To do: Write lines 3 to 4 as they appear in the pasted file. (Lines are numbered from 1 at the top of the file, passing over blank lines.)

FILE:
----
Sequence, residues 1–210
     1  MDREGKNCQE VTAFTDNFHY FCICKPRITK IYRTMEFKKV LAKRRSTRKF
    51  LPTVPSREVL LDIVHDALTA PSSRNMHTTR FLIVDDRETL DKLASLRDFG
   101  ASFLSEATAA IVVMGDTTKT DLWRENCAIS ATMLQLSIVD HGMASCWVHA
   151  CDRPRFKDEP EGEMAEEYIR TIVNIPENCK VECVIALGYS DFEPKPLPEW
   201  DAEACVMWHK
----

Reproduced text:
    51  LPTVPSREVL LDIVHDALTA PSSRNMHTTR FLIVDDRETL DKLASLRDFG
   101  ASFLSEATAA IVVMGDTTKT DLWRENCAIS ATMLQLSIVD HGMASCWVHA